In an era when a first preview audience disseminates amateur opinions to the world through Internet chatrooms, the out-of-town Broadway tryout seems like an anachronism. Why pay to truck your show all across America if gossip and local reviews will now be almost as widely disseminated in Gotham as if you were playing in Times Square?
Yet this quaint legit tradition is alive and well. In fact, among a small group of resurgent theatrical centers, the competition to snag high-profile pre-Broadway engagements has never been more intense. And that has been changing the notion of the out-of-town tryout as a money pit. In some cases now, these preliminary stands can be profitable.
“A lot of cities,” says Nina Lannan, general manager and producer, “are now willing to make producers some very good deals.”
Take “The Pirate Queen” last season. That ill-fated tuner actually left Chicago last season with money in its pocket. “We feel like we gave the show some financial momentum,” says Broadway in Chicago vice president Eileen LaCario. “It did very well here.”
Similarly, Disney’s “The Little Mermaid” will have sold almost every available ticket to its seven-week pre-Broadway engagement in Denver. “We were 80% sold before the first preview,” says Disney Theatricals’ managing director David Schrader. “We even cut back our marketing because the show was selling on its own.”
According to Schrader, “Mermaid” will be seen by more than 100,000 people in Denver by the time it folds its tent.
For the cities themselves, big pre-Broadway engagements help move subscriptions and also bring cache to downtowns that increasingly sell themselves as cultural hubs. Along with Chicago and Denver, other cities that now aggressively court such shows are Seattle and San Francisco.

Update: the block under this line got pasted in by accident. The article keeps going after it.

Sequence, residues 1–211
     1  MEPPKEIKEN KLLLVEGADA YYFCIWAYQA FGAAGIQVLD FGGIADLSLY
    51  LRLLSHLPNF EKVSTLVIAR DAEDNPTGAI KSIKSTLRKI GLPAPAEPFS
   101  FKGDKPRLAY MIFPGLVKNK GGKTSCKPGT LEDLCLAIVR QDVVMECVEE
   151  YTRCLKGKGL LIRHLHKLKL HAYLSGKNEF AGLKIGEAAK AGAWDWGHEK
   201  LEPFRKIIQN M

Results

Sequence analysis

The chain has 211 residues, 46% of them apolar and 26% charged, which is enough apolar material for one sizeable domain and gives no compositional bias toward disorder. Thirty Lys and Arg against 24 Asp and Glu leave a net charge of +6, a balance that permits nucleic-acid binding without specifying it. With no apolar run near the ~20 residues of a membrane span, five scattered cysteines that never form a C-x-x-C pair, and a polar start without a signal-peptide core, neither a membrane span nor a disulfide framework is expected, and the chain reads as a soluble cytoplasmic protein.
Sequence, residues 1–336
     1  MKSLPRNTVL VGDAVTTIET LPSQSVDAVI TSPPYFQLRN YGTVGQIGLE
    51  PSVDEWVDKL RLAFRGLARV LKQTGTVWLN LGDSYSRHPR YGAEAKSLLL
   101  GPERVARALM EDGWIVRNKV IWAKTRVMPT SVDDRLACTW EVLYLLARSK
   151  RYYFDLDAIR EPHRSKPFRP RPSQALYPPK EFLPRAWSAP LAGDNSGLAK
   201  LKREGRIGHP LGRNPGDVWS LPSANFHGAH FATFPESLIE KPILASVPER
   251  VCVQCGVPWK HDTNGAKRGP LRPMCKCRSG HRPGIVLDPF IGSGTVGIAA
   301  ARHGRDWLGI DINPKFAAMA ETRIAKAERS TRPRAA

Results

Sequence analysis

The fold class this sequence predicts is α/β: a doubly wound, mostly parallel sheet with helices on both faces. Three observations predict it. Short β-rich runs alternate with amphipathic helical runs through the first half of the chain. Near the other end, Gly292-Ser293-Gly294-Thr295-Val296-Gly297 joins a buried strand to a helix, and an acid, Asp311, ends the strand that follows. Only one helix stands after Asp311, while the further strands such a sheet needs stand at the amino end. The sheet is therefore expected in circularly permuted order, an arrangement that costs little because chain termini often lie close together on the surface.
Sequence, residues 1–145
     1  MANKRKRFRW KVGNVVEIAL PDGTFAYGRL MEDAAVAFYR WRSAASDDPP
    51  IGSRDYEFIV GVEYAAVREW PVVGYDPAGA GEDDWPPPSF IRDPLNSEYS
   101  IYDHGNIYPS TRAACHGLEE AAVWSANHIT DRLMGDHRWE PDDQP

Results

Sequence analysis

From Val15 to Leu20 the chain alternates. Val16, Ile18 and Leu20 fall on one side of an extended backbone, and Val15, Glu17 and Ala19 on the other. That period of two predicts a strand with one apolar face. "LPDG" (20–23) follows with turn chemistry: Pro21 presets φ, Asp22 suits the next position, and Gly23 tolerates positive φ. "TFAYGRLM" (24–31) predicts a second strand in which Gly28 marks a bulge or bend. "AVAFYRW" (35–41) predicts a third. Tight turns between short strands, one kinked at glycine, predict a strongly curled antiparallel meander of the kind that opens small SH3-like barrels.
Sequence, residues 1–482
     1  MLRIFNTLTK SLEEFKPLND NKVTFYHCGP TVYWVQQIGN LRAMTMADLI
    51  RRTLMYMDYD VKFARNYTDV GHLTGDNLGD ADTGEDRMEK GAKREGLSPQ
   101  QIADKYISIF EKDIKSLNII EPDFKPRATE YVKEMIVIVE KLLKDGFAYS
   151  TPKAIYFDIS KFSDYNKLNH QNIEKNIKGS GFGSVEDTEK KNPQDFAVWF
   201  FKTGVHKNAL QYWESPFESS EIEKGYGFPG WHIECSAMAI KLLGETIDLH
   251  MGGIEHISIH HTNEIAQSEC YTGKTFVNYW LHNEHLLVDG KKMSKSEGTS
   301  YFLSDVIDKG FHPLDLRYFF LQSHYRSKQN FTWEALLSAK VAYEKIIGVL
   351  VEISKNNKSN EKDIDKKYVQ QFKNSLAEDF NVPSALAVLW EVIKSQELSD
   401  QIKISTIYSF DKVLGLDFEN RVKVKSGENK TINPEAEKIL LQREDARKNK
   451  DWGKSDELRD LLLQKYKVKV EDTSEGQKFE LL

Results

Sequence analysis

“They are very competitive,” says Schrader. “Really, you could just put out a ‘Request for Proposals’ and take bids.”
In general, this group of cities has replaced the more traditional tryout locations like Boston and New Haven, Conn.
According to producer Robert F. X. Sillerman, “Young Frankenstein” narrowed down its choice of tryout venues to three cities with two key criteria: theaters close in size to New York’s Hilton Theater and, as Sillerman puts it, audiences of sufficient size and sophistication “to give you the feedback that you want.”
Sillerman and Mel Brooks ended up choosing from a shortlist of Minneapolis, Chicago and Seattle, which won out. It was partly a matter of timing and theater availability.
“This isn’t a road show,” Sillerman says. “We don’t load in and out in a day. You need the theater for a lot of weeks.”
In busy theater cities like Chicago, where the spaces now are full of long-runners like “Wicked,” availability can be a problem. Venues don’t make as much money during dark weeks as when they also get their percentages of box office. And producers have the tricky task of timing their tryouts so that it fits in the host city’s schedule and matches the availability of the Broadway house.
In the case of “Little Mermaid,” the multivenue Denver Center for the Performing Arts offered Disney its newly restored Opera House, a 2,000-seat palace with a huge backstage area. Since most of Denver’s road shows aren’t booked there, the Opera House also came with the right kind of availability.
Producers clearly are enjoying their new clout, but they still insist the old romantic reason to go out of town hasn’t disappeared.
“With a musical,” Schrader says, “everyone going off on a trip together creates an atmosphere that helps the show.”